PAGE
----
This is the first of two items on excavations this week. We have written before (most recently 18 June this year) about the activities of DAG (Deverills Archaeology Group) which welcomes a small group of Salisbury Museum Volunteers to its talks and on its excavations.
Last week, Dr David Roberts (see ‘Excavations’ below) was ‘in town’ and led talks and discussion summarising the work of DAG over the last 18 months: six geo surveys, three evening talks, two excavations, funding wins, public engagement (including visits from Brownies and Young Archaeologists) and, most important of all, significant gains in knowledge and understanding of the history of the Deverills valley.
David Croot, Chairman, introduced the speakers and made particular mention of the organisations that had made the project possible financially: the Heritage Lottery Fund, the Warminster Area Board and the village hall.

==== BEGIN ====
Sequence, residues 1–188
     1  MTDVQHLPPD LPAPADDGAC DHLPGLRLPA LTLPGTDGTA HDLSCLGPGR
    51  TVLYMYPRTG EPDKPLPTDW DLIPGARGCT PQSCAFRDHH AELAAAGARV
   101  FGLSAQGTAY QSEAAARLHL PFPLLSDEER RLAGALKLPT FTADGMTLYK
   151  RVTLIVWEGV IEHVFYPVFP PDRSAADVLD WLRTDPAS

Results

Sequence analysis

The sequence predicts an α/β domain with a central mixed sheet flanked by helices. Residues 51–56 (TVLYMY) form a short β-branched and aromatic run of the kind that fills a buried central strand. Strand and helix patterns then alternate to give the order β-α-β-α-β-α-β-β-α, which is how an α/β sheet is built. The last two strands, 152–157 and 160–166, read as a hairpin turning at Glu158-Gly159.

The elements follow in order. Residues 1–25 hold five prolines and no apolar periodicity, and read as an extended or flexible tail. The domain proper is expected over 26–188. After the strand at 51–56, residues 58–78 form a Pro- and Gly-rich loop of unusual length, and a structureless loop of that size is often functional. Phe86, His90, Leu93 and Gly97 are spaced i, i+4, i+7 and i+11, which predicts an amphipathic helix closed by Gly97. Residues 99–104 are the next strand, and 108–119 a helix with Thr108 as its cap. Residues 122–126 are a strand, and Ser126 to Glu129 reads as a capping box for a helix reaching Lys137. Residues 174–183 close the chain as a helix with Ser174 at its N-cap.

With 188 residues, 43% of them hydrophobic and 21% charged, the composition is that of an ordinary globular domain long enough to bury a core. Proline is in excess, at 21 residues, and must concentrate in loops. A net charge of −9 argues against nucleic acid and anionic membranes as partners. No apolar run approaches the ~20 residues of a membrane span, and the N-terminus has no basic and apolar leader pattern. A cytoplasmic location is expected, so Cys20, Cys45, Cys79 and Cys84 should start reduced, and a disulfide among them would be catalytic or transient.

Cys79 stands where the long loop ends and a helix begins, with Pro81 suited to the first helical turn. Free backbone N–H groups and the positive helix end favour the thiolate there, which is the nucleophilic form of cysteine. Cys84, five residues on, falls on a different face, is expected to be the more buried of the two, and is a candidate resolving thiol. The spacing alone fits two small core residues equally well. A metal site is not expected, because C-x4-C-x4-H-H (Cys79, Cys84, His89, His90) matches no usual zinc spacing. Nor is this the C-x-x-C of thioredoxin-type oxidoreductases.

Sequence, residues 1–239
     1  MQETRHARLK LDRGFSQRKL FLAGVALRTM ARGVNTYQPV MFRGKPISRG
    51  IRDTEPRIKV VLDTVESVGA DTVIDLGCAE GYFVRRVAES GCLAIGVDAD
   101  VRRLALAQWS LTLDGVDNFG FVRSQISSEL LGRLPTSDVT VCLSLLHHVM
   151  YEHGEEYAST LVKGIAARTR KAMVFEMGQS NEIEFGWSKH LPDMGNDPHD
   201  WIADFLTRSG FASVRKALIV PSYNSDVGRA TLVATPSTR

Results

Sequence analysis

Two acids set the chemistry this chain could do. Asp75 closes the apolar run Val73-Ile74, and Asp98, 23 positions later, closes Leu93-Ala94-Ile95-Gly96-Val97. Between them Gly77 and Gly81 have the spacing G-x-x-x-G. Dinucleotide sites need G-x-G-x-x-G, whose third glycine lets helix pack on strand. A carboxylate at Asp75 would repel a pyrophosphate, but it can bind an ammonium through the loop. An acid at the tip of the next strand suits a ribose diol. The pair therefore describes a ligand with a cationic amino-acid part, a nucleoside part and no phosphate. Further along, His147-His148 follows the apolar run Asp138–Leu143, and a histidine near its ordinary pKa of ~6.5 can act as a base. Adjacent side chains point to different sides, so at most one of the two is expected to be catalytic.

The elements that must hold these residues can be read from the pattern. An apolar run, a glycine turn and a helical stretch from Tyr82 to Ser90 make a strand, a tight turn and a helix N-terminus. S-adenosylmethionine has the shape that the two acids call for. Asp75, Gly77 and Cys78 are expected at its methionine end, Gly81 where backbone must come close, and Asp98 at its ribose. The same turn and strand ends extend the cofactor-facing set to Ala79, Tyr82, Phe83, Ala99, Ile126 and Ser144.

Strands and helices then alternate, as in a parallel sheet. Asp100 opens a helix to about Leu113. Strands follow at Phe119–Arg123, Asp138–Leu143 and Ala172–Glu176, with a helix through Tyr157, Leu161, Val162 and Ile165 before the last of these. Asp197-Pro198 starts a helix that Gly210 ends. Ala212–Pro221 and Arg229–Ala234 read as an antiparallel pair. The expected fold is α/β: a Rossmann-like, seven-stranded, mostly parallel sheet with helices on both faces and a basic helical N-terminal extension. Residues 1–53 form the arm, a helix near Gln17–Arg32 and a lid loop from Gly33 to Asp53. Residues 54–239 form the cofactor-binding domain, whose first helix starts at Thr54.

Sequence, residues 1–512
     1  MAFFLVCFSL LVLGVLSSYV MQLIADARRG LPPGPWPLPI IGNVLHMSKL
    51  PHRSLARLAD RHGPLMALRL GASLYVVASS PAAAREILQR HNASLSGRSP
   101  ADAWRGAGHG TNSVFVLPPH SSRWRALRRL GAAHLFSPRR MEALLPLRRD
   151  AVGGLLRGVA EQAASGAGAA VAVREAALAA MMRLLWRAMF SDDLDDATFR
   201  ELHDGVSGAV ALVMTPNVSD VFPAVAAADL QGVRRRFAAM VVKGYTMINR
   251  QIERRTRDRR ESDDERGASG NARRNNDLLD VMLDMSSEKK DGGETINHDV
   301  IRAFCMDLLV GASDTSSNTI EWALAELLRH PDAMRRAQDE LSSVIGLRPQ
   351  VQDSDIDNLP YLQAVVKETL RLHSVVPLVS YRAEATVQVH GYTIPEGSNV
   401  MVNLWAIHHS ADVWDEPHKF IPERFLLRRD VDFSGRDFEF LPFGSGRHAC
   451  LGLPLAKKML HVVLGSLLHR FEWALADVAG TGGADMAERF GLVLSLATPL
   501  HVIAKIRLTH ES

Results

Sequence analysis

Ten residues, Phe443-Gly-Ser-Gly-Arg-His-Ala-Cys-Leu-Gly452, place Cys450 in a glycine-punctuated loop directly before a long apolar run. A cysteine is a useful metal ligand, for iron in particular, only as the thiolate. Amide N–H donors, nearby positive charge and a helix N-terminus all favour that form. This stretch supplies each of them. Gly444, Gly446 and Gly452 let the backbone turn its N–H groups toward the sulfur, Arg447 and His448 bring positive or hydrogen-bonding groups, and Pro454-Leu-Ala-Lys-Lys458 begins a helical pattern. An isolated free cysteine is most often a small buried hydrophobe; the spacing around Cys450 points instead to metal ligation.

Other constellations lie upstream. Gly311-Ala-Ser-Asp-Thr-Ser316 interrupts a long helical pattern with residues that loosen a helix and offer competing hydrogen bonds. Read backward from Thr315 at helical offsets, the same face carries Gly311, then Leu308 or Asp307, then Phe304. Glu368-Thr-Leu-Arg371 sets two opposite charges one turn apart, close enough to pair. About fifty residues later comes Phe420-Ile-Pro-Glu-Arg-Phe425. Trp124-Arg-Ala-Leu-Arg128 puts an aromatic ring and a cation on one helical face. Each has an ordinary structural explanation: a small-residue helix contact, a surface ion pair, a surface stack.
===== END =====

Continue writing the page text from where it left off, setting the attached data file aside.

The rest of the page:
The speakers, including David Roberts, made for a pretty high-powered bunch. Also present, and involved with continuing research and interpretation in the valley, were Mike Allen (environmental archaeologist), Dr Claire Rainsford (the animal bone lady!) and Dr Jorn Schuster (small finds expert).
Amongst other things we learned that the Romans enjoyed beef but in later periods lamb had become the favourite. We were also told that fish bones tend not to appear in excavation because people ate them, they dissolved in the gut, and so were not passed on, as it were (at least, I think that is what they said!). It may also be that not a lot of fish was eaten (although fresh water fish would have been available -and required on Fridays) and that fish bones are pretty small anyway…
We are grateful to the DAG blog for some of the detail here. You might like to go to their website and sign up for their blog, to keep track of events.